I’ve learned to not be afraid of shooting outdated Black and White film - it works out fine. No adjustments in ISO or development times. This is NOT true of color film especially E-6 slide film. Anyway I found an 8 year old roll of Rollei RPX 25 and shot it. Very happy with the results.
I find dZihan and Kamien to be the perfect music to work at the computer with. Highly recommend it. May not be for everyone.
I just self published a book of my photos that emulate the New Topographic genre. This new way of looking at landscape photography got it’s start in 1975 when the George Eastman House sponsored an exhibit displaying the works of:
The photographers who were featured in the exhibit were relatively young in their careers, including Robert Adams, Lewis Baltz, Bernd and Hilla Becher, Joe Deal, Frank Gohlke, Nicholas Nixon, John Schott, Stephen Shore, and Henry Wessel, Jr. Looking at the photos from that exhibit 45 years ago, it seems like current landscape photography wholeheartedly embraces “new topographic” principles.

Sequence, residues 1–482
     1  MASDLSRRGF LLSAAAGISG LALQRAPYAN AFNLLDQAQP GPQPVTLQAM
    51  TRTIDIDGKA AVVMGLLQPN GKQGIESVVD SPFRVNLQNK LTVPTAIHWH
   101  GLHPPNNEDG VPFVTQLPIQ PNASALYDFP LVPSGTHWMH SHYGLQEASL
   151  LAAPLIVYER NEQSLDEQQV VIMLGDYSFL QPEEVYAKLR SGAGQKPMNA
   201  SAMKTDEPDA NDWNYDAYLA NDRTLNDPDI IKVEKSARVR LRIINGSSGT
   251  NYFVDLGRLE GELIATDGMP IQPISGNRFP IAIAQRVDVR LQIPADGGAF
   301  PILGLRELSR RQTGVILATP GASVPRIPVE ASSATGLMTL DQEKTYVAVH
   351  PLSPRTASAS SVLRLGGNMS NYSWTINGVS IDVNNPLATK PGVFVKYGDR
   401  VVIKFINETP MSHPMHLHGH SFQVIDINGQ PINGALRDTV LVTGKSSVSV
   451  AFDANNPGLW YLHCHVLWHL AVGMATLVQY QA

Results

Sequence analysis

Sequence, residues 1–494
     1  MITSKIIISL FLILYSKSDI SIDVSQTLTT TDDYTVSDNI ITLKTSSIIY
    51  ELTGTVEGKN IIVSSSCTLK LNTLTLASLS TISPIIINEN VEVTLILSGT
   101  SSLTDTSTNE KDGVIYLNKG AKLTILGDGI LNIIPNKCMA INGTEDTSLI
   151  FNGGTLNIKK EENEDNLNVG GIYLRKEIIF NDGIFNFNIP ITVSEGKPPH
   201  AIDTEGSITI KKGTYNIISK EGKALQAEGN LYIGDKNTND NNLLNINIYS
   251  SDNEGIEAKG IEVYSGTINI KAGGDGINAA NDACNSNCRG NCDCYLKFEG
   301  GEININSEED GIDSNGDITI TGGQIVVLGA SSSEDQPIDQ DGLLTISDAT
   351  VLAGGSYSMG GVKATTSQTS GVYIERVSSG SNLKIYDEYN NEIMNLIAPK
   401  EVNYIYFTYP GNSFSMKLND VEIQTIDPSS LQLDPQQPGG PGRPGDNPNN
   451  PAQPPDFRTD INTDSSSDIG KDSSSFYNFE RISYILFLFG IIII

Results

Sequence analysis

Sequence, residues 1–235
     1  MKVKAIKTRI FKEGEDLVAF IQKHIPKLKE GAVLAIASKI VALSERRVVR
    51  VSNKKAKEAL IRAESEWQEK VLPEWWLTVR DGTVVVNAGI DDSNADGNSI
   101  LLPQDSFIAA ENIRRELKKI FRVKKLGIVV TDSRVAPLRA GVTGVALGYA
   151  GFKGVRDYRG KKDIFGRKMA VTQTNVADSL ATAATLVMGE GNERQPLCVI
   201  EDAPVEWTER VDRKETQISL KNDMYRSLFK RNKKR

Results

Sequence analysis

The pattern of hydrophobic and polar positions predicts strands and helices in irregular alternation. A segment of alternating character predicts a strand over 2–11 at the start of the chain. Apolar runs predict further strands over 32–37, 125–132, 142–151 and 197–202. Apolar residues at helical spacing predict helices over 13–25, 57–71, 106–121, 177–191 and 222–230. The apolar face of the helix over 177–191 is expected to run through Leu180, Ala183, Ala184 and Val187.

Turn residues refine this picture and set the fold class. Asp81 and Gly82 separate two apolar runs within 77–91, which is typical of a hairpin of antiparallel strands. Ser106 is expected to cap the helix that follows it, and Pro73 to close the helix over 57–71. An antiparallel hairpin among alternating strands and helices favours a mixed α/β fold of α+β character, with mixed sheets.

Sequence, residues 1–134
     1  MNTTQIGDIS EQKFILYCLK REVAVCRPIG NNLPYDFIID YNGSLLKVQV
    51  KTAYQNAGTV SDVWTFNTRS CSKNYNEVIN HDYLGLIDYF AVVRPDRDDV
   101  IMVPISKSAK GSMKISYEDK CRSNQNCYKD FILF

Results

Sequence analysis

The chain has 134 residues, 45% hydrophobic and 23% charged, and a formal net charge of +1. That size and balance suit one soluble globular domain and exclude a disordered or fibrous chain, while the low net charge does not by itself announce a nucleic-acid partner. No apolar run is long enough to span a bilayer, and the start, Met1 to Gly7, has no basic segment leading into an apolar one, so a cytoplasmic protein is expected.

This is now a series of posts about this amazing tornado photograph taken out by Simla, CO where I was born. I actually have a large print of this in my house. At one point I thought it might be fake but realized it was picked up by National Geographic and they tend to do a good job of vetting their photographs. I just discovered on DPreview that this photo won a travel photography award:
WINNER, BEST SINGLE IMAGE IN A LANDSCAPE & EARTH ELEMENTS PORTFOLIO: James Smart, Australia
Location: Simla, Colorado, USA